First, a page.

Automated Decisions ‘Cost More than One in Three Firms Money’

An automated decision made by a computer programme has cost 37% of organisations money at least once in the past six months, according to a survey by the Economist Intelligence Unit (EIU) on behalf of Ricoh. 

Entitled ‘Humans and Machines’, the EIU/Ricoh study, conducted in November and December 2012,also found that nearly one third of the 432 senior executives from all industries, including healthcare, manufacturing and 63 from financial services (FS), think that they have also lost customers as a result of an automated decision. Just under a third of those questioned agreed with this statement. The research purports to show the impact of technology upon human creativity, intuition and business practices.

“The findings highlight the need for urgent action,” said Carsten Bruhn, executive vice president (EVP) of Ricoh Europe. “Automated processes can bring significant benefits to the industrial and FS sector, but while technology may provide high intelligence, it is essential that the processes used are reviewed and updated regularly by humans [i.e. business experts]. This ensures compliance with regulations, and that security standards, efficiencies and good practice are maintained.  When processes are optimised and systems are connected, a collaborative and creative working environment is enabled to better meet client needs.”  

The senior C-level executives questioned thought that human intervention remains essential when it comes to interacting with customers (46%) and managing risk (31%), with the FS sector and other finance professionals such as treasurers, especially strong in this response.  Asked where human imagination or intuition was most critical, and machines were less necessary, only 8 % said managing regulations, while 6% said automated machine-driven decisioning was critical for information security.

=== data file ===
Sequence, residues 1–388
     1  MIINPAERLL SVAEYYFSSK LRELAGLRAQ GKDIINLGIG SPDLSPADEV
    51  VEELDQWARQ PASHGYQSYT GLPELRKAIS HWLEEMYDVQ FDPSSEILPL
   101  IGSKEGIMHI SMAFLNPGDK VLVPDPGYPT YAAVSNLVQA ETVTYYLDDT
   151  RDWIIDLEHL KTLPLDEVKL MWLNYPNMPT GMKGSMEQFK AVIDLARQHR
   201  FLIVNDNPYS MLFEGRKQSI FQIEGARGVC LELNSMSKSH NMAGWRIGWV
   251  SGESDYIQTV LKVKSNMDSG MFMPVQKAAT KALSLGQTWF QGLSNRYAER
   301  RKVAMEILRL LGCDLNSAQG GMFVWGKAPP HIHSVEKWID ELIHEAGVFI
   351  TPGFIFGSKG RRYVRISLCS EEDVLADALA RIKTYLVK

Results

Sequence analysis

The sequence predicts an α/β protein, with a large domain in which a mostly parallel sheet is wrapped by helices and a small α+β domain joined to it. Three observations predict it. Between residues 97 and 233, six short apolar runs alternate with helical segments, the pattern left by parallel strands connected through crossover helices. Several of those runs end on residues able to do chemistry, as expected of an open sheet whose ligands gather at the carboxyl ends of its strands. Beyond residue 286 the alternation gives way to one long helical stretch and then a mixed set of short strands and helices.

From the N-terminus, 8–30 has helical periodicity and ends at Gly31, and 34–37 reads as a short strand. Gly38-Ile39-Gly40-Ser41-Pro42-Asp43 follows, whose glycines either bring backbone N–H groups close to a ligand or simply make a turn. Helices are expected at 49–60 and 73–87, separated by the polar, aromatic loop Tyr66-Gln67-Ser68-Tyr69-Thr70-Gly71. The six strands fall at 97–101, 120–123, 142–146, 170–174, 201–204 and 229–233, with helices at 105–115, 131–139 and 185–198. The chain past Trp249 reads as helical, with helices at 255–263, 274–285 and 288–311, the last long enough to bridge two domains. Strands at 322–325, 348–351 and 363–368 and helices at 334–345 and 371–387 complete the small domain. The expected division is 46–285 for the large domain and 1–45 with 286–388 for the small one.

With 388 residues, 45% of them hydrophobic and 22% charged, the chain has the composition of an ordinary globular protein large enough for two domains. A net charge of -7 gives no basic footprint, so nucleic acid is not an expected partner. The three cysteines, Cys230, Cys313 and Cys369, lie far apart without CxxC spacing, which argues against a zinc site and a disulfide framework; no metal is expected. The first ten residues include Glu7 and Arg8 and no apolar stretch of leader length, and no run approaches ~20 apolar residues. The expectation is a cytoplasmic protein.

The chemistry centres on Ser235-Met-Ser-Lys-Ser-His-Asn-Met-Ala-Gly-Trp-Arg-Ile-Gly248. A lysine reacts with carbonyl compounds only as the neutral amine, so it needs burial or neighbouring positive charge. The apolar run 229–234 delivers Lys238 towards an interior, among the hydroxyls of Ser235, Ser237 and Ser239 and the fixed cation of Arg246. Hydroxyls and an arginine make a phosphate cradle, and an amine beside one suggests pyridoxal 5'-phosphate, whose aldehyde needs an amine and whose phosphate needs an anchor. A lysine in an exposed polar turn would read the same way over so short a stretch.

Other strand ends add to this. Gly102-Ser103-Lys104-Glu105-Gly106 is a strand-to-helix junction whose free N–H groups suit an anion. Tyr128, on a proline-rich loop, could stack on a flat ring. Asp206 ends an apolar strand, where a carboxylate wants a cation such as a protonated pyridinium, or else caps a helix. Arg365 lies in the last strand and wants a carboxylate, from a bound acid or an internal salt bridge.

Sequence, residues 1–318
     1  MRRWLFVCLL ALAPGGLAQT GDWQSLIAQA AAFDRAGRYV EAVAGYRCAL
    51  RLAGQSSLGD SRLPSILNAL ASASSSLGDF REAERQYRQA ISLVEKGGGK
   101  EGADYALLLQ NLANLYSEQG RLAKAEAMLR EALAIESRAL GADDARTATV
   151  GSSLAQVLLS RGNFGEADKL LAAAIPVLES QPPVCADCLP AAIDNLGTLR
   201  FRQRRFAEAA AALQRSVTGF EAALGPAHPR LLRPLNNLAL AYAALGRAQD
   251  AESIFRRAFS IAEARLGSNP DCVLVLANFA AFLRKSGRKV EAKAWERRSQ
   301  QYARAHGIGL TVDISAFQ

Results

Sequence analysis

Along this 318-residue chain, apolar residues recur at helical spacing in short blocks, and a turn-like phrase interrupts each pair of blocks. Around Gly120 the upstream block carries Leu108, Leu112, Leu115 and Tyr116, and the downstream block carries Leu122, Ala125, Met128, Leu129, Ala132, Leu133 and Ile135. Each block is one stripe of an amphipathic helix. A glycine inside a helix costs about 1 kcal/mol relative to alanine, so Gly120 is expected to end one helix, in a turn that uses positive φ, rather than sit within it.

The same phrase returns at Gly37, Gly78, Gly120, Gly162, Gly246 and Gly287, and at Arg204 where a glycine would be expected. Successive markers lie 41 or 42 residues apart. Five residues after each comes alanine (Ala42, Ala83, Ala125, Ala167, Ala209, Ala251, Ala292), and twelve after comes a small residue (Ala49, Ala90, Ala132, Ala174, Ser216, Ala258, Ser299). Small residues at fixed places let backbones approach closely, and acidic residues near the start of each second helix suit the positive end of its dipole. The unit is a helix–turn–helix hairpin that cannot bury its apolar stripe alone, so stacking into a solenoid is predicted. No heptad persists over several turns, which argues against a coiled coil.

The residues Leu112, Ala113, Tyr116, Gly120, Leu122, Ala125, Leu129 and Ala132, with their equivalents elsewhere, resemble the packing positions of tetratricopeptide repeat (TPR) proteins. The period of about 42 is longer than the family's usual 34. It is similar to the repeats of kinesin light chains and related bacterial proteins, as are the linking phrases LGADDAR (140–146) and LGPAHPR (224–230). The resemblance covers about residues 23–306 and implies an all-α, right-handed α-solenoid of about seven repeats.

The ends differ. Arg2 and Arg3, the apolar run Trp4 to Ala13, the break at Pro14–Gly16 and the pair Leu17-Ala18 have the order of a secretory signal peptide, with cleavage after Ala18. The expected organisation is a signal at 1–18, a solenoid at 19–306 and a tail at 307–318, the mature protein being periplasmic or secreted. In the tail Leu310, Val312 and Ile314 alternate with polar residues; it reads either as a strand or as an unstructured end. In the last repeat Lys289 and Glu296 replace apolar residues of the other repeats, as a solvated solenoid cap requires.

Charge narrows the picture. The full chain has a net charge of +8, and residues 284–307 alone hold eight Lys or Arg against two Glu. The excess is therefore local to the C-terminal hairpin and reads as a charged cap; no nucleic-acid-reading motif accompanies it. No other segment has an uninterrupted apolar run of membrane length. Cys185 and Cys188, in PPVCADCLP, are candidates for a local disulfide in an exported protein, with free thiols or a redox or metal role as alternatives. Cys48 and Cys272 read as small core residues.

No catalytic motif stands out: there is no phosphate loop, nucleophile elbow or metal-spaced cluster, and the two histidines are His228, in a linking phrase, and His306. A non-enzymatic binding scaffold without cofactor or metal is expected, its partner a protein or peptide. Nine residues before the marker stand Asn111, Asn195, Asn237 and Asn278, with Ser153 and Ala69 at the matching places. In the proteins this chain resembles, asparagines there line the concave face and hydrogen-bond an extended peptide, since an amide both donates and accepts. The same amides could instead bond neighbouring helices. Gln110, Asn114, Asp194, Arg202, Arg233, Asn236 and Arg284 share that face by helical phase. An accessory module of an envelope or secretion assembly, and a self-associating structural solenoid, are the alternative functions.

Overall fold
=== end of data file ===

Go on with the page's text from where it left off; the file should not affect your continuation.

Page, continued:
The highest rated challenge for the finance and FS sector (48%) when dealing with technology is its ability to connect systems with each other, especially cross-border.    

“Keeping up with the pace of technology change and ensuring on-going connectivity across systems isn’t easy,” said Bruhn. “We know that technology is evolving more quickly than the processes or ways to use it.  To successfully create connected systems, the finance and FS sector should focus on process optimisation and make changes to traditional ways of working. Increasingly, executives are outsourcing the management of these tasks to third party experts, meaning they gain all the benefits while freeing up employee time to focus on core business activities,” he added.

Other findings include:

  • Seventy-one per cent of respondents agree that technology in isolation, without a process to connect it, delivers little value. 
  • Eighty-six per cent said that human-technology interaction will only add value if the processes used to connect them are more creative, suggesting an integration and optimisation challenge. 
  • Forty-one per cent said their team’s best innovations of the past three years could not have been delivered without supporting technology, and 30% said they could not even have been conceived without it.
  • Seventy-eight per cent said that technology helps their business to be more productive, as it should to justify the often large upfront capital expenditure or on-going fees of Software-as-a-Services (SaaS) deployments. Crucially, technology does not yet appear to be taking over key activities such as decision-making or developing innovative ideas, according to the respondents with the ‘dumb machine’ idea of automating processes only still prevalent. 


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